A manager with the security contractor formerly known as Blackwater Worldwide reportedly threatened to kill a State Department investigator in 2007 -- shortly before the investigator was pressured to abandon his probe despite finding serious problems with Blackwater's work.
The New York Times reported Sunday that Jean C. Richter wrote in an Aug. 31, 2007 memo to State Department officials that Blackwater contractors "saw themselves as above the law" and described a situation in Baghdad where "the contractors, instead of Department officials, are in command and control."
The investigator reportedly warned his superiors that lax oversight of the firm had created "an environment of liability and negligence," just weeks before a group of guards allegedly opened fire on Iraqi civilians at a Baghdad traffic circle in 2007.
The Times report claims that Richter's inquiry, though, was abandoned after Blackwater's project manager in Iraq, Daniel Carroll, warned Richter that "he could kill me ... and no one could or would do anything about it as we were in Iraq," according to a memo sent by Richter to senior State Department officials. According to the Times, the American Embassy sided with Blackwater and ordered the investigators out of the country.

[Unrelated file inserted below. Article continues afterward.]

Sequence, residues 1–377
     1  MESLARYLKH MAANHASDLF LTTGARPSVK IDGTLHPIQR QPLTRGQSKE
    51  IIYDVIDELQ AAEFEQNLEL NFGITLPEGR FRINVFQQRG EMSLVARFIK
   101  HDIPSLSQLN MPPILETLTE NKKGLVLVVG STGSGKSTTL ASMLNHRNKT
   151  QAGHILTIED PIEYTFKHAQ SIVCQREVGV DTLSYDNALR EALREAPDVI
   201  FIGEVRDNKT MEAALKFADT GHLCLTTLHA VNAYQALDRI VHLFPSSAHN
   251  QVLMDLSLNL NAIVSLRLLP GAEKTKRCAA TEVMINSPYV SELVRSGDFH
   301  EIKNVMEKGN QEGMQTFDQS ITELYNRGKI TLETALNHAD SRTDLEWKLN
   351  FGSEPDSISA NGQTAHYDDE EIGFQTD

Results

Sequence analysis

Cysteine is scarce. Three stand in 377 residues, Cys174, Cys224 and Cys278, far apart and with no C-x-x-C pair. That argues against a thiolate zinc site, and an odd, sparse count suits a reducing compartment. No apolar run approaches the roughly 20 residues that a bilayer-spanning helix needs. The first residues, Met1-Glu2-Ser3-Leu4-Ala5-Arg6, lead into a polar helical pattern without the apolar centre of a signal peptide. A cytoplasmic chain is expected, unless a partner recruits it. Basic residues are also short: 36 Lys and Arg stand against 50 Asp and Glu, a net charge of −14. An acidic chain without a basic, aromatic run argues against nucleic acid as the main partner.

Before the investigation was halted, the paper reports, Richter found evidence that Blackwater was overcharging the State Department for its work by falsifying staff data, understaffing security details, allowing contractors to carry weapons that they were not authorized to use, and housing non-American workers in squalid conditions.
Sixteen days after the date of Richter's report, Blackwater guards allegedly opened fire in Baghdad's Nisoor Square. Seventeen Iraqi civilians died in the violence, including women and children. The shooting inflamed anti-American sentiment in Iraq in the midst of growing insurgent violence Blackwater's license to operate in Iraq was revoked by the Baghdad government the following day.
Four Blackwater guards are facing trial on manslaughter charges in connection with the Nisoor Square shooting, which prosecutors argue was unprovoked. Attorneys for the men say they had come under attack by insurgents.
In 2009, Blackwater changed its name to Xe Services after founder Erik Prince resigned as CEO. The following year, a group of investors purchased the company and renamed it again, to Academi.